On getting lighttpd + PHP working on OS X Tuesday, Mar 2 2010 

Now playing: ♫ One More Time – Daft Punk

My first post of 2010!  I have been so busy that I just haven’t had any time to write anything in here.  But I have something special for you today; some build instructions for making an experimental dev server out of a Mac.

I use a Mac at work.  And being that I frequently have to test out our new Web stuff (some written in PHP but the majority written in Django), it’s helpful to have a working lighttpd install on it.  I’ve considered dual-booting with FreeBSD, but it seems a bit of a challenge to get all of the Apple hardware to work on FreeBSD (especially WiFi; we don’t even really use wired Ethernet at work anymore) so I’ve held that off for a while.  I could also use my desktop, but with the KVM on the fritz I just find it easier to sometimes run sites on OS X.

This isn’t a problem with Django, because it comes with a small development server that I can use.  But it is big problem with PHP; the Apache2 built in to Snow Leopard doesn’t seem to like me or PHP (or my configuration) and I prefer lighttpd anyway.  I could never find a really good guide to installing any of this online without resorting to MacPorts or Fink or even Aptitude.  I prefer to keep my system clean of the port systems (even though I’ve heard great things about MacPorts, it just seems ugh).   So, here’s how I got lighttpd and PHP to play nice on OS X with FastCGI:

Absolute prerequisites

  1. You must be absolutely comfortable with using Terminal and compiling things by hand.
  2. You must have already installed XCode, because we’re going to be using GCC and friends.

lighttpd installation

  1. Install PCRE.  This is the only lighttpd dependency that Mac OS X doesn’t ship developer libs with.
  2. I ran configure like this:
    ./configure --prefix=/usr/local --with-openssl --with-kerberos5 --with-ldap --with-zlib
    This allowed me to test SSL and Kerb5, which we use on one of our portals, and a few other miscellaneous things I feel will be useful.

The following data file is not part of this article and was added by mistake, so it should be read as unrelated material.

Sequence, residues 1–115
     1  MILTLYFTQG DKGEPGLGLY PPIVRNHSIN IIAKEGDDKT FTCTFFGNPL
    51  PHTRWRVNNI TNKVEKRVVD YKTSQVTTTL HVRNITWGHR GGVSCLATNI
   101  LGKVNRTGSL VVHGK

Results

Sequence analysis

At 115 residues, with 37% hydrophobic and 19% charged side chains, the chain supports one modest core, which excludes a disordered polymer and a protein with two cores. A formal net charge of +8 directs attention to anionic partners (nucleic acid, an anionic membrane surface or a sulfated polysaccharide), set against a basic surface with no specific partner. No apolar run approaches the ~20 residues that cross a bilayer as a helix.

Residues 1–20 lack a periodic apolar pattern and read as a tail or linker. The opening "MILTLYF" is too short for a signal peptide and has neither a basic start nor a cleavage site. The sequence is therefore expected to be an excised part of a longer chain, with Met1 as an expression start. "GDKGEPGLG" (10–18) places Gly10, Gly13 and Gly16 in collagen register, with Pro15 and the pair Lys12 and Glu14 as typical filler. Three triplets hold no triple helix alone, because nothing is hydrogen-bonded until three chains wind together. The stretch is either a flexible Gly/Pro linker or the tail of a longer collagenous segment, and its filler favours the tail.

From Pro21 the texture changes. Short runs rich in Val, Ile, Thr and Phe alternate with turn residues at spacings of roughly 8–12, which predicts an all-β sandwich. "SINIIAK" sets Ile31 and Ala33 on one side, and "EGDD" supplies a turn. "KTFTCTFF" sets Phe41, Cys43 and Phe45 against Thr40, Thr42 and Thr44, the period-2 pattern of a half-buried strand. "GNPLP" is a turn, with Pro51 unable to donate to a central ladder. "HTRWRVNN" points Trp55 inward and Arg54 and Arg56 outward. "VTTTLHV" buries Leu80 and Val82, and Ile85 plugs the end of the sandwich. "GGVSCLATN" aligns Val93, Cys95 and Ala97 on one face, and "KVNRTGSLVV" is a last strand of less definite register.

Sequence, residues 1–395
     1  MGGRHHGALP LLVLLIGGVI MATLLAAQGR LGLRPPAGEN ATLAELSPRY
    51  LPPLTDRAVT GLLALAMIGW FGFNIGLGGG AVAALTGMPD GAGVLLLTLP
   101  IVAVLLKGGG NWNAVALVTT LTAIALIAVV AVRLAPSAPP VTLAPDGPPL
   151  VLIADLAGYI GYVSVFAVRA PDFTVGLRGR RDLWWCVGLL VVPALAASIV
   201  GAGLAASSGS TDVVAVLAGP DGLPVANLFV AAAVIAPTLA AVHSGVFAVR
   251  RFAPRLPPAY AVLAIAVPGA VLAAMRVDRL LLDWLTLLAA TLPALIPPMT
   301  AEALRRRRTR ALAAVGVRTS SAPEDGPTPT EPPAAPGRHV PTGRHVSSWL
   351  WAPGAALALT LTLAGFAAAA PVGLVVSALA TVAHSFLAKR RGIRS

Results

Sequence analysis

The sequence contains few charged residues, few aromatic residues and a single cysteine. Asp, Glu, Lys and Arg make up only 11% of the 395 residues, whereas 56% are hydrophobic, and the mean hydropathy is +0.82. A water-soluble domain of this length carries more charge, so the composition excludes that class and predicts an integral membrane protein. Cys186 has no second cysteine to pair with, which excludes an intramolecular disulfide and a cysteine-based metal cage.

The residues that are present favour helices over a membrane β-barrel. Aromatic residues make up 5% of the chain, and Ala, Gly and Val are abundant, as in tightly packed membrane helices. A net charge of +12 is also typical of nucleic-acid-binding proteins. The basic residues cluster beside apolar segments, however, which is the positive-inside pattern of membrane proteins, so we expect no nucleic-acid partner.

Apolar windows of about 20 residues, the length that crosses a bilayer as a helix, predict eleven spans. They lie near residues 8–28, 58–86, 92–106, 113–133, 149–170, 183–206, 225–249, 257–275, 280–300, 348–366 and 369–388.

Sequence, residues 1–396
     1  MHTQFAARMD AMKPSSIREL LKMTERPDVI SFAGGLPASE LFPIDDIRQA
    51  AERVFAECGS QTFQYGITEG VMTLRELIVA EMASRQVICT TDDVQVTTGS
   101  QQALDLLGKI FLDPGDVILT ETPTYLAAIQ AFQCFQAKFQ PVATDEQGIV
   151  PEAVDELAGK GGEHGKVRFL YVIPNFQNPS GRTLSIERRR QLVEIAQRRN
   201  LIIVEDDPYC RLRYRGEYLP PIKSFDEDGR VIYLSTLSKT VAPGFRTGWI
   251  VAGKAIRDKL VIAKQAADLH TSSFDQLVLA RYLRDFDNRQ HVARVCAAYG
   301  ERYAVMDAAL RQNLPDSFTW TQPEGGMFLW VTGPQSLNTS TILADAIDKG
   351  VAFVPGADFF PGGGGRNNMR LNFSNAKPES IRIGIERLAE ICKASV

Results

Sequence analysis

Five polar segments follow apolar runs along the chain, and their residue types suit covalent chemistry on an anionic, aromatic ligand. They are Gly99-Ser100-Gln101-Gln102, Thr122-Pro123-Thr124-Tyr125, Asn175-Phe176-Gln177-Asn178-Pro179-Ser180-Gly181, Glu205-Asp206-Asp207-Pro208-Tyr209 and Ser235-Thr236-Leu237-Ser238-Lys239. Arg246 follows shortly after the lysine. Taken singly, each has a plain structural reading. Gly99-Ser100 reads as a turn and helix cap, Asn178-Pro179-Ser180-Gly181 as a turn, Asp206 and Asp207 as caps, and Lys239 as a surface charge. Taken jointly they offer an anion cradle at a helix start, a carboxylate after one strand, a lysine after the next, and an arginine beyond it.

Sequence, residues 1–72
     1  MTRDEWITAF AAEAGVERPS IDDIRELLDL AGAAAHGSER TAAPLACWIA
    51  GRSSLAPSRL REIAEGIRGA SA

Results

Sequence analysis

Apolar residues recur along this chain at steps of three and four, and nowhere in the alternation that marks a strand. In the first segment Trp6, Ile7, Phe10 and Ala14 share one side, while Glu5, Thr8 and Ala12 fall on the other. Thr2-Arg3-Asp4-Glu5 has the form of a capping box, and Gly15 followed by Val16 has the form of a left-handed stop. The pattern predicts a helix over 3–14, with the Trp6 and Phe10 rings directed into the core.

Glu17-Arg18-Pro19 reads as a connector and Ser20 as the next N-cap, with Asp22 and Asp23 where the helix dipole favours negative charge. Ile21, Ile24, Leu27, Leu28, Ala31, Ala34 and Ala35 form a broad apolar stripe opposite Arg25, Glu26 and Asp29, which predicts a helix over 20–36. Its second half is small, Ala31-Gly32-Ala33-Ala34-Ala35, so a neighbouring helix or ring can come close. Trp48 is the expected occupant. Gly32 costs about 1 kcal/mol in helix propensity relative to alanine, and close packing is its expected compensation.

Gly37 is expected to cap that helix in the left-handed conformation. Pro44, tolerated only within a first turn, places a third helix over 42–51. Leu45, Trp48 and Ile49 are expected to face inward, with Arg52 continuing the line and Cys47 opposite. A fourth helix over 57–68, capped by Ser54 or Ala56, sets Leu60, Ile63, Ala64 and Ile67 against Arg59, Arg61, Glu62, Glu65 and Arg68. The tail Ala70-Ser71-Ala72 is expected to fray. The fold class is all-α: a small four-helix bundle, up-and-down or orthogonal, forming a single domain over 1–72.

3. make and then sudo make install.
  4. Congratulations, you have an almost-working lighttpd!

PHP installation

For GD, you’ll need at least:

  1. libjpeg (Note: You’ll need to run sudo mkdir -p /usr/local/man/man1 for manpages.  If you don’t want them, you can ignore the error Make throws.)
  2. libpng (Don’t you love that they still distribute .TXZ’s?)

You can also snag FreeType and libxpm, but it isn’t necessary and building them is beyond the scope of this document.

Okay, so now we’re ready to build PHP. The configure line you supply to PHP is site-specific.  The one I used was:

./configure --prefix=/usr/local --with-openssl=/usr --with-kerberos --with-pcre-regex=/usr/local --without-sqlite --without-sqlite3 --disable-pdo --with-zlib --with-bz2 --enable-exif --with-gd --with-ldap --with-ldap-sasl --with-mcrypt --without-mysql --with-pgsql=/usr/local/pgsql

but I stress again: this is site-specific. You probably want MySQL and don’t want PostgreSQL (even though it takes a lot to squeeze even equal performance out of MySQL).  That said, the only oddity is that on OS X, PHP has a problem locating the OpenSSL lib for itself and I had to use –with-openssl=/usr to allow it to find where it was.

Also, a big disclaimer: GD is still broken with libpng>=1.3.  Since I use 1.4, I was forced to use the SVN version of 5.3.  Not even the new 5.2.13 release has the patch (even though this bug was reported in early January).

Now that we’ve gotten that out of the way, let’s get a server running!

Configuration files

The lighttpd configuration file is up to you.  Note that you have to use server.event-handler = "freebsd-kqueue" on OS X.  Mine is pretty standard, so I’m only going to paste the FastCGI configuration section here:

fastcgi.server = (
".php" => (
"php-osx" => (
"socket" => "/tmp/php5.sock",
"bin-path" => "/usr/local/bin/php-cgi",
"bin-environment" => (

Now, one of the most painful parts of this process was getting a LaunchDaemon configured for lighttpd properly.  Note that when under launchd, lighttpd is very sensitive to syntax; I spent about an hour trying to figure out why it wouldn’t start until I realised I had an extraneous space in the plist.  Here is my /Library/LaunchDaemons/net.lighttpd.plist file: